The film also has the same problem embedded in most MCU outings: Marvel dialogue. Every single character, with the refreshing exception of Kang, constantly spouts quips and one-liners. Everyone must be a stand-up comedian, giving the experience that classic, stagnant MCU feel that causes every film to blur together into one amorphous corporate mass. When everything is a joke, nothing matters. Any sense of gravity or emotion is dissolved. In addition to this, the screenwriters repeatedly pull their punches. Although the Multiverse and time as we know it are at risk, the stakes still feel incredibly low. There are various opportunities throughout the film to witness the characters face real consequences for their actions. However, we never get to see this happen, as the plot pulls on the reins before anything substantial can occur. For a film that should be one of the most important chapters of the MCU, it just comes across as inconsequential by adhering to Marvel’s predictable status quo and playing it safe.

Rather than telling a compelling narrative, Quantumania instead seemingly chooses to place all its focus on its visuals. However, it fails terribly in this area too. The Quantum Realm is intended to be a mind-blowing, microscopic world of wonder. Full of psychedelic vistas and fantastical creatures, this should be a spectacle to behold. Yet despite 90% of the runtime taking place in this setting, it is just plain ugly. After seeing a film like ‘Avatar: The Way of Water’, a truly revolutionary movie in terms of visual effects, Quantumania is a monumental downgrade. Even with its Marvel-sized budget, its world is unexpectedly unpleasant to look at. 

Every aspect feels like it is pulled straight out of either a PlayStation 2 game or a Robert Rodriguez movie from the early 2000s. With so many game-changing leaps and bounds being made in the field of visual effects, to see such poor compositing, obvious green screen, and abhorrent CGI (see MODOK’s face for reference) is such a let-down. The movie is such an assault on the eyes. Everything is far too elaborately over-designed. There simply is no sense of visual cohesion. One moment we see colour-saturated landscapes and living buildings. The next its industrial, space-age cities. While this variety does give the Quantum Realm a unique look, it also feels inconsistent and scatter-brained. Instead of one living, breathing world, there is no sense of place. Without a setting that follows a semblance of visual logic, the viewer has no way of forming a feeling of scope in their mind, thus making it difficult to allow themselves to become immersed. This dramatically reduces the level of engagement the audience is capable of achieving.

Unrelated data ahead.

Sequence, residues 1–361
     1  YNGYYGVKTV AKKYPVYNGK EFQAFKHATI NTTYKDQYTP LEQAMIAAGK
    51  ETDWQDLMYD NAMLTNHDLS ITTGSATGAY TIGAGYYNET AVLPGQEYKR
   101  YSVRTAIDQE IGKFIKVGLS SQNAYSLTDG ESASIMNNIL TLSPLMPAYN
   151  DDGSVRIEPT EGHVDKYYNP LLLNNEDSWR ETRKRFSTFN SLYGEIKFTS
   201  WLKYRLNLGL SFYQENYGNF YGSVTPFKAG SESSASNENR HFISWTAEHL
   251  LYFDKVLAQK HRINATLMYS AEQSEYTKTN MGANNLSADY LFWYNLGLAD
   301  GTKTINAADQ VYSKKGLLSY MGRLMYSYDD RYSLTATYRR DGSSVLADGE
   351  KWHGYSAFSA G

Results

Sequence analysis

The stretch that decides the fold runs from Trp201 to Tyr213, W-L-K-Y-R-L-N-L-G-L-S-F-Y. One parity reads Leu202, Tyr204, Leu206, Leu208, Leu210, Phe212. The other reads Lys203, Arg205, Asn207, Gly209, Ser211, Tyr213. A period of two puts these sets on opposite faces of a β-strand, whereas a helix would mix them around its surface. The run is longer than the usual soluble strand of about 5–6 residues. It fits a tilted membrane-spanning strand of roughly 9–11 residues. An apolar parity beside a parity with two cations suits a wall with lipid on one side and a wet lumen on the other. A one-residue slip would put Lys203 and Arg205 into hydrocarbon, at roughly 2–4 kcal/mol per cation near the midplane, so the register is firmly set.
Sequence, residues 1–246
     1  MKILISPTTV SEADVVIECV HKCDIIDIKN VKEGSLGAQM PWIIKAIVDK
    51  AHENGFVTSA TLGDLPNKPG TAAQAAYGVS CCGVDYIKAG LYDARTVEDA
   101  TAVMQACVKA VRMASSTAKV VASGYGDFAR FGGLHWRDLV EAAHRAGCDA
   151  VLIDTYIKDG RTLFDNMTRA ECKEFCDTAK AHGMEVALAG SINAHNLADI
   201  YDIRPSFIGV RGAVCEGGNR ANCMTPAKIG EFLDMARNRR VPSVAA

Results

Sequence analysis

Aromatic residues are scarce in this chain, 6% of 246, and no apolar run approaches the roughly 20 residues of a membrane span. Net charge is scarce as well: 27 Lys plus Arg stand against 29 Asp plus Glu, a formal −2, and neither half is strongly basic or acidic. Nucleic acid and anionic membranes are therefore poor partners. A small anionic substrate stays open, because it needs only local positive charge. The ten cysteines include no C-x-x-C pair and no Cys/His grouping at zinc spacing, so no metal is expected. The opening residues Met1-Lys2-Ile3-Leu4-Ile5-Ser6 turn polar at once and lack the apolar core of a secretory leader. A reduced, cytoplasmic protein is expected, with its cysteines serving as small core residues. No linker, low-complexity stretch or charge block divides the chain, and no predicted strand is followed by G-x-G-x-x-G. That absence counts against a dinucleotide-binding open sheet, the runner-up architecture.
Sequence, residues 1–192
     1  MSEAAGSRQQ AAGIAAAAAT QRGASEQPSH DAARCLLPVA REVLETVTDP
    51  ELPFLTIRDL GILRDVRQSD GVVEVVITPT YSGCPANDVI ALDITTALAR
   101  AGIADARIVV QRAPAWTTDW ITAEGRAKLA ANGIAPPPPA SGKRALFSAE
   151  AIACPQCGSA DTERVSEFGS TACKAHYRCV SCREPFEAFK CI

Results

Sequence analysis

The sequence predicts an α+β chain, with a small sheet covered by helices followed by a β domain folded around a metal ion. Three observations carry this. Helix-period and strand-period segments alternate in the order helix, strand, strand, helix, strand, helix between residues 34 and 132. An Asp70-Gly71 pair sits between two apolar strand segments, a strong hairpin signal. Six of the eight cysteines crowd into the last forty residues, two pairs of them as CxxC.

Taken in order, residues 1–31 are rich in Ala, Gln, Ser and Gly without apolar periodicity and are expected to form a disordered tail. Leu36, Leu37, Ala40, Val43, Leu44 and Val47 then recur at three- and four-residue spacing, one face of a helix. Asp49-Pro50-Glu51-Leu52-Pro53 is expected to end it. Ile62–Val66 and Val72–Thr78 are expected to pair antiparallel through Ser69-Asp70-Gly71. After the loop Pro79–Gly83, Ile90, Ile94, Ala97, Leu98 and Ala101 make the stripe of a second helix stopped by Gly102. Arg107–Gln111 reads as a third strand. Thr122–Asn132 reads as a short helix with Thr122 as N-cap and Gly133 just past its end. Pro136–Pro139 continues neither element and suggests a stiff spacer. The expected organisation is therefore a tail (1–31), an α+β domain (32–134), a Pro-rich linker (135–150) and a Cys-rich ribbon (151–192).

This incoherent design philosophy further extends to the inhabitants of the Quantum Realm. Ranging from hairy monsters and robots with laser cannons for heads to broccoli men and humanoid warriors, there is just so much going on at once on-screen. And yet these characters still feel boring and unmemorable, besides a goo monster with a bizarre obsession with holes. For a place that is so visually cluttered, it still can’t help but feel incredibly empty.

The fact that the film almost entirely takes place in the Quantum Realm becomes even more frustrating when you realise it takes away what audiences expect to see most from Ant-Man: his shrinking abilities. Sure, there are various fight sequences that see him alter his size, but that is not the issue. The novelty of Ant-Man is the change in perspective of how we see the world around us. A garden can become a vast jungle. A mouse can become a terrifying beast. A train set can become the backdrop for an intense action set piece. We get to experience the ordinary in a way that becomes extraordinary. By dumping the character into just another alien environment, it removes that essential sense of familiarity that makes the shrinking concept so much fun. This shows a fundamental lack of understanding of what makes the character great.

Ant-Man and the Wasp: Quantumania embodies everything currently wrong with the MCU. It is a poorly written, ugly CGI-fest that takes no risks and makes me wish they just stopped at Endgame. It wastes one of the most interesting heroes in Marvel’s roster and one of the best villains the franchise has seen to date, all in an attempt to set up more instalments in a faltering cinematic universe instead of being a satisfying conclusion to a well-known trilogy. Even though Phase 5 and the Multiverse Saga are promising to be bigger than anything we’ve ever seen in the MCU before, after this film my excitement levels just continue to shrink.


James O’Brien